Net Interest Margin a Worry for Regional Banks
The data above highlights the fact that regional banks have made a strong recovery post the financial crisis and are ready to meet with stringent Basel III capital requirements. However, the worry for U.S. regional banks at the moment is net interest margins.
Banks’ net interest margins have come under pressure as the Federal Reserve has kept interest rates at record low levels for four years now. Last year, mortgage rates fell to record low levels due to the Fed’s ultra-loose monetary policy measures, which include an aggressive bond buying program apart from record low interest rates.
The margin pressure has hurt regional banks’ net interest income. In the first quarter of PNC Financial Services had reported net interest margin of 3.81%, down from 3.85% reported in the previous quarter. The bank’s net interest income fell by $35 million on a sequential basis.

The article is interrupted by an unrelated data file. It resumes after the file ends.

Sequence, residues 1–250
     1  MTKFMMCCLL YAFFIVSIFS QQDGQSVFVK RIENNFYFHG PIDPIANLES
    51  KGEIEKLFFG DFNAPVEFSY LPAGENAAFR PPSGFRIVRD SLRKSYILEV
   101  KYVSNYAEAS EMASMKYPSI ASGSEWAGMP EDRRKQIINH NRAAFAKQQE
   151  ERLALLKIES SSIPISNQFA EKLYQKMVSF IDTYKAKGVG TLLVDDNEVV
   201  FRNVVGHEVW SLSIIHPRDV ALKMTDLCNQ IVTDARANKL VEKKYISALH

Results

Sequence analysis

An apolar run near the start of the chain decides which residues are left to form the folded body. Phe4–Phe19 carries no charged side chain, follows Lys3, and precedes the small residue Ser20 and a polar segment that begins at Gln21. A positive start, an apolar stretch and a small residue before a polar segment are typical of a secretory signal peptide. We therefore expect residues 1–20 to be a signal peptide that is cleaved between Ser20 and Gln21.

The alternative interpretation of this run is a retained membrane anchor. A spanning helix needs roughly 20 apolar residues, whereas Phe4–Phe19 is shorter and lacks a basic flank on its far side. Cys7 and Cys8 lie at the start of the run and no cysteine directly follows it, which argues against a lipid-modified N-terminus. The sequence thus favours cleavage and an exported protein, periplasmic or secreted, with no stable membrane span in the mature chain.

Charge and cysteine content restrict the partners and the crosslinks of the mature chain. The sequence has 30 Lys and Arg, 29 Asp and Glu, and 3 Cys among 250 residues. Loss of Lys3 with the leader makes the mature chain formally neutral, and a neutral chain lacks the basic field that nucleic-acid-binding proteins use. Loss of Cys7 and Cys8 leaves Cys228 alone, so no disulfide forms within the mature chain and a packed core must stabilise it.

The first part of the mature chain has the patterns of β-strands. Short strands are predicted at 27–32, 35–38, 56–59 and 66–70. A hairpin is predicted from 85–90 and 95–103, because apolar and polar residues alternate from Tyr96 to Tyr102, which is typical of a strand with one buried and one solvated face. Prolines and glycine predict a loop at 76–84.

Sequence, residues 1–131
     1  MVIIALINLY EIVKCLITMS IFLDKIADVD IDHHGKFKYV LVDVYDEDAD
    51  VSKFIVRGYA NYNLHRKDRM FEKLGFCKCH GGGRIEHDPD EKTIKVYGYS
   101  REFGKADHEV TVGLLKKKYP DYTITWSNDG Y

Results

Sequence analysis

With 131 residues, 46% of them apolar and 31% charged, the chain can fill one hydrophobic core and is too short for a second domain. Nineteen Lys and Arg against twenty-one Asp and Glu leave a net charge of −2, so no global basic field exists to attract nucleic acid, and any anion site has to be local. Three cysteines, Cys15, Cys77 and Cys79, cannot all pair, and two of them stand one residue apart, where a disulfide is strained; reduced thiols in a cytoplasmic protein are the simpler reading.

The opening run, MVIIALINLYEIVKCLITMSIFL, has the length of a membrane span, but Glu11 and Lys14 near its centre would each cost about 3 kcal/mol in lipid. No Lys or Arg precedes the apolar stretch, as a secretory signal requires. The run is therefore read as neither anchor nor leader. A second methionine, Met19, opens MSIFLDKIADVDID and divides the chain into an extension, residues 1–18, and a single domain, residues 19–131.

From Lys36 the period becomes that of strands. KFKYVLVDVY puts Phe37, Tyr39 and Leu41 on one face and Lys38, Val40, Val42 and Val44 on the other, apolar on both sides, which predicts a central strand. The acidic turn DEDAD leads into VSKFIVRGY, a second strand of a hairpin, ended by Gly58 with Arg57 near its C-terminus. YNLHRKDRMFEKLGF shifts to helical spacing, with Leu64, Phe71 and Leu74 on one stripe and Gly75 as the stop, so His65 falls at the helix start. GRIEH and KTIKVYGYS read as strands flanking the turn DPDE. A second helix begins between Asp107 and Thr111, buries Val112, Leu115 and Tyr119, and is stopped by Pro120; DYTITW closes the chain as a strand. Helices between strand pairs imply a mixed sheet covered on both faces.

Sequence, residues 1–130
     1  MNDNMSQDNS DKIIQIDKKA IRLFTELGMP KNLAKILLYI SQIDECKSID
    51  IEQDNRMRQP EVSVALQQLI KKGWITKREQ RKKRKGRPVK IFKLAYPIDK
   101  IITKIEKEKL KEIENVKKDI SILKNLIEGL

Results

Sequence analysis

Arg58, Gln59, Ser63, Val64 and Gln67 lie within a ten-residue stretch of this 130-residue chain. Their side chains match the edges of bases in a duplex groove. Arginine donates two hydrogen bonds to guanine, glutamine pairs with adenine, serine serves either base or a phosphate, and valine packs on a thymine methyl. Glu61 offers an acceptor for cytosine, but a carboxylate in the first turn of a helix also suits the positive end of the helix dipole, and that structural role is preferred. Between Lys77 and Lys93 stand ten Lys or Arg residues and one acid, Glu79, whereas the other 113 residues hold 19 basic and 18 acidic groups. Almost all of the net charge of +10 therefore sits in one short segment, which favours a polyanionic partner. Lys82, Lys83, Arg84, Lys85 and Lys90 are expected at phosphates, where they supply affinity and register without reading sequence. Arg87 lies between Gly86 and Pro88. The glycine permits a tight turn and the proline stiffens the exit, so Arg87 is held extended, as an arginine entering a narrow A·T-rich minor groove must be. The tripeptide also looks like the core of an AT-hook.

U.S. Bancorp’s net interest margin for the first quarter of 2013 was 3.48%, down from 3.55% reported in the fourth quarter of 2012 and 3.60% reported in the first quarter of 2012.
Low Interest Rate Environment Boosts Lending Activity
While the Fed’s ultra-loose monetary policy measures are hurting banks’ margins, they have boosted lending activity, especially commercial and industrial segments. In the first quarter, PNC Financial Services reported a 1% sequential increase in total commercial lending. U.S. Bancorp, meanwhile, had reported a 14.3% on a year-over-year basis in average total commercial loans. The bank’s average total loans grew 5.8% on a year-over-year basis in the first quarter of 2013.